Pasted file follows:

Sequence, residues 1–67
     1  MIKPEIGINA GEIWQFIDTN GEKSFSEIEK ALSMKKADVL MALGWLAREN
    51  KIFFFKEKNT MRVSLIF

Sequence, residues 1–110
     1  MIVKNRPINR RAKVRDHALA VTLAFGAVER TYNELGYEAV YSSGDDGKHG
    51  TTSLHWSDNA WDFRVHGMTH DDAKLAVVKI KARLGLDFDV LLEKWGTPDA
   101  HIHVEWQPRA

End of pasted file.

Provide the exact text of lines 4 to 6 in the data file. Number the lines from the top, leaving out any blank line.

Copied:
Sequence, residues 1–110
     1  MIVKNRPINR RAKVRDHALA VTLAFGAVER TYNELGYEAV YSSGDDGKHG
    51  TTSLHWSDNA WDFRVHGMTH DDAKLAVVKI KARLGLDFDV LLEKWGTPDA